“It’s the best thing I’ve found in 31 years of diving: the spot
where a centuries-old shipwreck lay hidden under the water
for more than 200 years.” —Maurice Belgrave
You can tell, the violence that keeps a boat afloat
has nothing to do with fuel.
your paddle of a hand worrying the hostile tide,
before taking the storm in one scoop.
the vessel—still, belly ovoid & sunken
till it leaks its way towards destruction.
kayaks cost an arm, to keep it well behaved
in that polite wind.
you can tell apart risk taking from its caretaker.
the way the second combines craftsmanship & luck,
rowing accident to acceleration—where
speed = Distance + the number of times the boat topples:
these twelve seethed capsize, like disciples in a water
Christ has been commanding stillness into.
A river is God’s brightest trap.
you can tell, the way it mirrors wreckage & warmth,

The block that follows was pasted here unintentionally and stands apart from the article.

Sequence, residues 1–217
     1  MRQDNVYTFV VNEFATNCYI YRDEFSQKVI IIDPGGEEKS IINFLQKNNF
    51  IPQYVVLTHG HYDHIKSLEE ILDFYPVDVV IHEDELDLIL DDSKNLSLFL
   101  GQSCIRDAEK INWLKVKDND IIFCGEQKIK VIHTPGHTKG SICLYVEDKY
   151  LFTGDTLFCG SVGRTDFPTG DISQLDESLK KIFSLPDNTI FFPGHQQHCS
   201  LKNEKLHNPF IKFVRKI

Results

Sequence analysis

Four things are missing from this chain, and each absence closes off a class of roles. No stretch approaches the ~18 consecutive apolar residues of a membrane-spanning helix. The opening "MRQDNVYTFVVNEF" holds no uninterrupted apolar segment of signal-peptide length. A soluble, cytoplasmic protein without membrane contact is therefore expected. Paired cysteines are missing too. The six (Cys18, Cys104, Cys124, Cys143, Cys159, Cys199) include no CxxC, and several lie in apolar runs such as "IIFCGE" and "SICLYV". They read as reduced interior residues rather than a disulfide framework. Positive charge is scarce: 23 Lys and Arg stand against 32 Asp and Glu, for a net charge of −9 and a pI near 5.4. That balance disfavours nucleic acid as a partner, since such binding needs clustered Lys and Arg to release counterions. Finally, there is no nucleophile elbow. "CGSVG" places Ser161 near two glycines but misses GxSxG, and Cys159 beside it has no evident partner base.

consumes fluently a loin that torches,
sneaking luminescence into sullen deprived hands.
the footage cut short,
because a staff in some broken state said so.
& even the most damned thing deserves some privacy.
cupping a handful from the ruptured boat;
as if summoning a life evidence.
It’s the best thing I’ve found in my 31 years
the journalist said to his colleagues.
and in the airshots of the staff, blurted
“how measurable is the wreck.”
Nnadi Samuel (he/him/his) holds a B.A in English & Literature from the University of Benin. His works have been previously published/forthcoming in Suburban Review, Seventh Wave Magazine, NativeSkin lit Magazine, North Dakota Quarterly, Quarterly West, FIYAH, Fantasy Magazine, Uncanny Magazine, The Deadlands, Common Wealth Writers, The Capilano Review, Lolwe, The Spectacle Magazine, and elsewhere. Nnadi is the winner of the Canadian Open Drawer Contest 2020 and the International Human Rights Arts Festival Award (IHRAF), New York 2021. He is the author of Reopening of Wounds and Subject Lessons (forthcoming). He tweets @Samuelsamba10.